The Department of Labor oversees unemployment insurance—distributing funds to states, who then provide these funds to eligible people within their state.
During the COVID-19 pandemic, some states had trouble processing unemployment insurance claims due to issues with their IT systems—some of which are about 50 years old. DOL is helping states modernize these systems by, for example, sending experts to evaluate them and recommend improvements.
DOL could improve its oversight by setting IT modernization standards for states and then measuring the states' progress against those standards. Our recommendations address this issue.
What GAO Found
The eight states in GAO's study were in varying phases of modernizing their unemployment insurance (UI) IT systems, ranging from planning to operations and maintenance. As of February 2023, six of the eight states had modernization efforts underway, but not yet completed. According to officials from the six states, these efforts were expected to replace legacy UI systems that ranged from 7 to about 50 years old. The remaining two states completed modernization efforts in 2018 and 2021 and were in the operations and maintenance phase. To support their modernization efforts, the eight states rely extensively on contractors for system development and implementation, technical support, and identity verification.
The selected states reported several modernization successes. For example, states reported improved system stability after migrating systems to cloud computing solutions and a reduction in paper-based UI processes. However, states also identified modernization challenges in five areas: staffing, contracting, management, financial, and technical (see figure).
Eight States' Unemployment Insurance IT System Modernization Challenge Areas
Regarding staffing, most states reported not having enough staff resources and not having staff with the necessary expertise to support their modernization efforts. To help states address modernization challenges, the Department of Labor (DOL) initiated several efforts, such as sending teams of experts to states and conducting pilot tests of UI technology solutions for states.
DOL has gaps in managing its efforts to assist states' with UI IT modernization and its oversight of states' UI IT performance. Although DOL fully implemented key contract management activities on its first pilot, the department did not fully implement leading pilot design practices such as developing a data analysis plan and ensuring stakeholder communication. Without fully implementing leading pilot design practices, DOL likely cannot ensure its future pilots produce information needed to make effective program and policy decisions. Regarding oversight, although DOL is responsible for overseeing the UI program to ensure that the states are operating the program effectively and efficiently, it has not measured states' UI IT performance. Until DOL finalizes IT standards and measures state UI IT performance, the department will be limited in its ability to monitor whether states' UI systems are performing efficiently and effectively.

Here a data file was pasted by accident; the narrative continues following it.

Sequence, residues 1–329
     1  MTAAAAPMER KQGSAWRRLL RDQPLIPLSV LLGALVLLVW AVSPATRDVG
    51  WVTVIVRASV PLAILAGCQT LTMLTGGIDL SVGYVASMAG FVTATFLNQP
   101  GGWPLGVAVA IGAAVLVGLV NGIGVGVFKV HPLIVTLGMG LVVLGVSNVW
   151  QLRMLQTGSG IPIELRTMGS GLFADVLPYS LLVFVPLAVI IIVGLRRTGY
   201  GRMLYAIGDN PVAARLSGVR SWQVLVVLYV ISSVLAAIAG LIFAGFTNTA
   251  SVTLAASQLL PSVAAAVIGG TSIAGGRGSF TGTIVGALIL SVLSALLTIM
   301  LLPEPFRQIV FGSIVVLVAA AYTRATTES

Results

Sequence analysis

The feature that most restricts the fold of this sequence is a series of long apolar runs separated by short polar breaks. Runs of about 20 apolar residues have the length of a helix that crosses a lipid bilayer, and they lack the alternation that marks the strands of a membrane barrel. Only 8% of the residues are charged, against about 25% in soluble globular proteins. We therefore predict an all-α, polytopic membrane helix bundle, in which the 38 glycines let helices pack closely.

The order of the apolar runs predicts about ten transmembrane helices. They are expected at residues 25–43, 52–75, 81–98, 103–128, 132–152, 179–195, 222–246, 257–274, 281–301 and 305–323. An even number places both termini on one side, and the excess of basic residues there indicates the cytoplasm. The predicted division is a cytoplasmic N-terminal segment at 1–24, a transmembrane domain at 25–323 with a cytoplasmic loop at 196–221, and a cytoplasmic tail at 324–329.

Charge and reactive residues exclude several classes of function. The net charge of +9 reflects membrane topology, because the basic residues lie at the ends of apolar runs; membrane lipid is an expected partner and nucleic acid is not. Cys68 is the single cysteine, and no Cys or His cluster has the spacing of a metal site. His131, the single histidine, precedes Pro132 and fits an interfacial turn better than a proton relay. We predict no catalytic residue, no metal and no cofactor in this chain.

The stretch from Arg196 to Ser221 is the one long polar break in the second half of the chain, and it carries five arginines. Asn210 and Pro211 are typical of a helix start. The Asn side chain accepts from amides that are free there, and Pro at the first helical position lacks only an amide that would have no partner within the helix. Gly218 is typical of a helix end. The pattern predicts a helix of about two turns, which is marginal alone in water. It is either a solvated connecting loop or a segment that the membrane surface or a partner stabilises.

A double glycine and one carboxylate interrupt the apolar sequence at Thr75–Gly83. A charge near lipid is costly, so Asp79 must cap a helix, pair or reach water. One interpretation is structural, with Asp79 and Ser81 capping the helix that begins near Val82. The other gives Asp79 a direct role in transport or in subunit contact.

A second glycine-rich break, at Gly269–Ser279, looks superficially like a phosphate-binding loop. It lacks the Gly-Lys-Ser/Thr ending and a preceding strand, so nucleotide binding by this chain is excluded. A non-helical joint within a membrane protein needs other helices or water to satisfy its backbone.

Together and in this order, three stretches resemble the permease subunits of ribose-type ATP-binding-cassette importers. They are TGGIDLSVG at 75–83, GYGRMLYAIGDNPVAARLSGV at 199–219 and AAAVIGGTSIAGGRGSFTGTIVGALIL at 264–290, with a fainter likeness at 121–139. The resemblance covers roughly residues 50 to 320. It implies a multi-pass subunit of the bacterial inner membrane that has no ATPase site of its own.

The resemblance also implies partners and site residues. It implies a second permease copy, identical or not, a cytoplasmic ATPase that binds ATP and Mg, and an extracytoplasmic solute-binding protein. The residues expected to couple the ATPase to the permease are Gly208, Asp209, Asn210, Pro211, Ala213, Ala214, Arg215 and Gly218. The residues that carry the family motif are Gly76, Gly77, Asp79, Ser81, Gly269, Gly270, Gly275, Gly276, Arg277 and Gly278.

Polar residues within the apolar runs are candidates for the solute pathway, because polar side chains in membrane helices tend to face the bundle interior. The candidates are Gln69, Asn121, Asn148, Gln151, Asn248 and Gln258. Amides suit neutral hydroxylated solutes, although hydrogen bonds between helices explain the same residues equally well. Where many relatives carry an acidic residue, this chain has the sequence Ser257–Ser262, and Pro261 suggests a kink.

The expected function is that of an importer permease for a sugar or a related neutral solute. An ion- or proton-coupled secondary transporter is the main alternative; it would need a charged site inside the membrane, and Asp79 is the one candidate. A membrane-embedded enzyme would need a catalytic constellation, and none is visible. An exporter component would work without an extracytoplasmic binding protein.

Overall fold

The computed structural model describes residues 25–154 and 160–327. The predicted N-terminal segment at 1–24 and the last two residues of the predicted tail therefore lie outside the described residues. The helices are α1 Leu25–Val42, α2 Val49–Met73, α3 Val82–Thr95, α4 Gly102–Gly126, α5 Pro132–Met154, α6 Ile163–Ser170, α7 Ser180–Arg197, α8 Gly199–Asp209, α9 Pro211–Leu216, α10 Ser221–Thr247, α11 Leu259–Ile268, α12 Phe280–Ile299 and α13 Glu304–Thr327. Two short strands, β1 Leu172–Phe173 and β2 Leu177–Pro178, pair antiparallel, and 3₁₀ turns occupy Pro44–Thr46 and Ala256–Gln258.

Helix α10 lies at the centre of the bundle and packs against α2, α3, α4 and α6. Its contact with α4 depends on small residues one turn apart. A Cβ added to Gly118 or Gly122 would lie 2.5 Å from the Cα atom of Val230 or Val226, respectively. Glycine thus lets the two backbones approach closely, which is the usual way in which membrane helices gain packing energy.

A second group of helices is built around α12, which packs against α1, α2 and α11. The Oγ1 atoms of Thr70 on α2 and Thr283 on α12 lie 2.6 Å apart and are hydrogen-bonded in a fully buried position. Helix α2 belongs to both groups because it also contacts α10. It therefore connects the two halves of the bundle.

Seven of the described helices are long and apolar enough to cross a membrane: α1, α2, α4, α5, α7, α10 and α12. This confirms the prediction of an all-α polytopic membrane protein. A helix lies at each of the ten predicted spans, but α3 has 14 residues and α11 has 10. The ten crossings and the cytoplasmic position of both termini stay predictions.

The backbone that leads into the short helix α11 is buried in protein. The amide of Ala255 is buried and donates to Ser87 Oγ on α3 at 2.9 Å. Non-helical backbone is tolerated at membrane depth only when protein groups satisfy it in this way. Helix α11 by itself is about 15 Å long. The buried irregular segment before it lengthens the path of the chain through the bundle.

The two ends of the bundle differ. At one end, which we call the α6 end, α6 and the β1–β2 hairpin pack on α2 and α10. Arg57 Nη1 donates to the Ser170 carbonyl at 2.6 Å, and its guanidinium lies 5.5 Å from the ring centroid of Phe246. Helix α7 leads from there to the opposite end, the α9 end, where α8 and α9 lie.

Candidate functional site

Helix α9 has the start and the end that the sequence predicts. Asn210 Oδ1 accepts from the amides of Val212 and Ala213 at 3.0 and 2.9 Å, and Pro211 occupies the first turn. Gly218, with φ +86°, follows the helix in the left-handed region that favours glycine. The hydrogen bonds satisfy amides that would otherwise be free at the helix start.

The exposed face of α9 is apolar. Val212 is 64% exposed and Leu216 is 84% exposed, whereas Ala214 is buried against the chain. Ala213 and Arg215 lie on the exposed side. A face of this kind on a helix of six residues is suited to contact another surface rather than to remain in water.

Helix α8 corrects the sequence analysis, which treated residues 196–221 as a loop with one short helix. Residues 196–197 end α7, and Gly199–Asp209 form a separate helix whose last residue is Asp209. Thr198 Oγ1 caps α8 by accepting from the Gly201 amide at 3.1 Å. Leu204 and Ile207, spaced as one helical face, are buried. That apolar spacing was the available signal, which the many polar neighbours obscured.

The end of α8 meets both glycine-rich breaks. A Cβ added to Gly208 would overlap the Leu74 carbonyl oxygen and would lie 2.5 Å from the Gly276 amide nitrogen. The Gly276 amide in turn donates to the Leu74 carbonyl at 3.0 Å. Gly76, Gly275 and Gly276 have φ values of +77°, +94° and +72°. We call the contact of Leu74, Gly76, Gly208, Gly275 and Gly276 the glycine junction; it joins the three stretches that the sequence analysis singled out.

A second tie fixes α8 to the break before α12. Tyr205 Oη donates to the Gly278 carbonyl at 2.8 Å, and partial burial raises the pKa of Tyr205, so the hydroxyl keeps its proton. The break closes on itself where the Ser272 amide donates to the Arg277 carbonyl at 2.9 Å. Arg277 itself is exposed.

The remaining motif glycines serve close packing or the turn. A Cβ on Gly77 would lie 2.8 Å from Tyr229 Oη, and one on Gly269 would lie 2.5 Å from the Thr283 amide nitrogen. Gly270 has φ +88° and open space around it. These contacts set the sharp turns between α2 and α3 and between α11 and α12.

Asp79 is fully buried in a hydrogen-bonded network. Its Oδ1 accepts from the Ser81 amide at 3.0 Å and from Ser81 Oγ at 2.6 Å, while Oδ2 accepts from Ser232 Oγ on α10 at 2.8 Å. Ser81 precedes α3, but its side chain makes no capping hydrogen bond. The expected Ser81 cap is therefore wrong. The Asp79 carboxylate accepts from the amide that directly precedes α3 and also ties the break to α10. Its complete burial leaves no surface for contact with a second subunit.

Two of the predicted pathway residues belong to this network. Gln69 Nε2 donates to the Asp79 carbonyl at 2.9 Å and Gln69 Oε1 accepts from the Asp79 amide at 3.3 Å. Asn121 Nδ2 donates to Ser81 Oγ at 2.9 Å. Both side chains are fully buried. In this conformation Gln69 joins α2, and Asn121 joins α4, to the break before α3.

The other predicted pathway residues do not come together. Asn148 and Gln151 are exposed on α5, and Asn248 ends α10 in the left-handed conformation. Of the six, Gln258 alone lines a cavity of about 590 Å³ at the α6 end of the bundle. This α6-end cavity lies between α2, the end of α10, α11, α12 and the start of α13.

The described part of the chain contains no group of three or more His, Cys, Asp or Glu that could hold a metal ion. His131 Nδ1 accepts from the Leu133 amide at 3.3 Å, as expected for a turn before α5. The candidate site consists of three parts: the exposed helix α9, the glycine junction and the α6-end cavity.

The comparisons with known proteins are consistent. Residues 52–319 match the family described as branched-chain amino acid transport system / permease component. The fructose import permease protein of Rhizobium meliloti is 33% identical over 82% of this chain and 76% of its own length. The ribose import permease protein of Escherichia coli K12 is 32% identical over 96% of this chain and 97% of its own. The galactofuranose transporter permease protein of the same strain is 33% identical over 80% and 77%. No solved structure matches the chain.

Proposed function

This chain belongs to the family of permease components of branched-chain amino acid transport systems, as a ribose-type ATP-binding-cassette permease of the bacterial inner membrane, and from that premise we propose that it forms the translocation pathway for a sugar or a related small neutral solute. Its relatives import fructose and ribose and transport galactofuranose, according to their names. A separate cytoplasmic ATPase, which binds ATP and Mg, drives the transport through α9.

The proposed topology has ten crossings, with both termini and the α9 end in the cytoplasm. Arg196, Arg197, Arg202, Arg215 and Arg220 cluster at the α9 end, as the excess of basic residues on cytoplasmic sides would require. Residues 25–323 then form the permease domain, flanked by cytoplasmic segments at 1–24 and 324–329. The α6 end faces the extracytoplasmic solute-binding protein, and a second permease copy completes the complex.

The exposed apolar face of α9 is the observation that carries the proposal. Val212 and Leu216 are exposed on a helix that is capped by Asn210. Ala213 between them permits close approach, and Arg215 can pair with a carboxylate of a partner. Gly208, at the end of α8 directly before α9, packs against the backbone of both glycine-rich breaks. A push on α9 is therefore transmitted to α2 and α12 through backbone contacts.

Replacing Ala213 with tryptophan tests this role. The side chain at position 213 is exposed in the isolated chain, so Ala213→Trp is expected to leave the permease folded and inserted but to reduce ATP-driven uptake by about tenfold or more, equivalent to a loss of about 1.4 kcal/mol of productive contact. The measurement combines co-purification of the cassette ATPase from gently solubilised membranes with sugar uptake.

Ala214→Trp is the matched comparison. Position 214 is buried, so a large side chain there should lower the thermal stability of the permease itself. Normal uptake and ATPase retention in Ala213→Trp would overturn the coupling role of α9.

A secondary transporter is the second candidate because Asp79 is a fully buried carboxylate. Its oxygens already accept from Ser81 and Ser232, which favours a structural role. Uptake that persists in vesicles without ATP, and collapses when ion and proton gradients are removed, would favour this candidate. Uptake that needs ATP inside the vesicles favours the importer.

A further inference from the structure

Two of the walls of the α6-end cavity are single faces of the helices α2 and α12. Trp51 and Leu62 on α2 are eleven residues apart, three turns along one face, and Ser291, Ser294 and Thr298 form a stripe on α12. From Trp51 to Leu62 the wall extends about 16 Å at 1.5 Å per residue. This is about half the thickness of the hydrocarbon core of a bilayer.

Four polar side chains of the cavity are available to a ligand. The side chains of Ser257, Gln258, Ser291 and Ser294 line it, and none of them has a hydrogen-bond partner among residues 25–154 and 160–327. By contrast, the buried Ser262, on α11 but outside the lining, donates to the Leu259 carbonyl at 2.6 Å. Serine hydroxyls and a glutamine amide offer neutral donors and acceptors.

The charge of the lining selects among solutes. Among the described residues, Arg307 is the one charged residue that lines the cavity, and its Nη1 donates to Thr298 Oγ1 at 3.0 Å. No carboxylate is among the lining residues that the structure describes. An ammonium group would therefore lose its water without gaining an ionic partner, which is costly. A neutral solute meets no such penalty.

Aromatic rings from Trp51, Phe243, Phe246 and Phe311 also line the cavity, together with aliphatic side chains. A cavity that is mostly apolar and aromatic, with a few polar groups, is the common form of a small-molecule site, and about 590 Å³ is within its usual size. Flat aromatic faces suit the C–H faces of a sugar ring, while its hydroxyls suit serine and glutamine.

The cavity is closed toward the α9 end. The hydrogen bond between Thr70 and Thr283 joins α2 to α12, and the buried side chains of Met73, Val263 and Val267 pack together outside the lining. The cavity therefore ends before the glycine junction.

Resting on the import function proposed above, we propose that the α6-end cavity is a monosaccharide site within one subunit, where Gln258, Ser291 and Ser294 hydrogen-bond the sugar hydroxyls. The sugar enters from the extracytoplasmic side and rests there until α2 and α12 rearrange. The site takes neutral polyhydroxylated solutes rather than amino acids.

Why GAO Did This Study
In the wake of the COVID-19 pandemic, the nation experienced historic levels of job loss. According to DOL data, approximately $878 billion in benefits were paid across all UI programs from April 2020 to September 2022. However, state UI programs with legacy IT systems faced performance issues in processing the unprecedented number of UI claims. Due to this challenge and others, GAO added the overarching UI system to its High-Risk List in June 2022.
GAO was asked to review UI IT modernization issues. The specific objectives were to (1) provide the status of modernization efforts for selected states, including the role of contracting; (2) identify notable modernization successes and challenges; and (3) evaluate DOL's management activities in assisting states and overseeing their efforts.
To do so, GAO analyzed documentation and interviewed state officials from a nongeneralizable sample of eight states (selected based on varying location and population size, among other criteria). GAO also reviewed relevant DOL policies and guidance documents and compared them to key management and oversight activities. In addition, GAO interviewed department officials.
GAO is making three recommendations to DOL to address pilot design weaknesses, establish standards for states' UI IT performance, and then measure such performance. DOL agreed with one recommendation and partially agreed with two. GAO continues to believe all recommendations are warranted.
Recommendations for Executive Action
|Department of Labor
|The Secretary of the Department of Labor should direct the Office of Unemployment Insurance Modernization and the Office of the Chief Information Officer to update their processes for UI pilots to reflect leading practices for pilot design, and implement the leading pilot design practices that address the weaknesses that we identified on its future pilots. (Recommendation 1)
|Department of Labor
|The Secretary of the Department of Labor should direct the Office of Unemployment Insurance to define UI IT modernization standards for states. (Recommendation 2)
|Department of Labor
|The Secretary of the Department of Labor should direct the Office of Unemployment Insurance to measure states' UI IT performance against established standards. (Recommendation 3)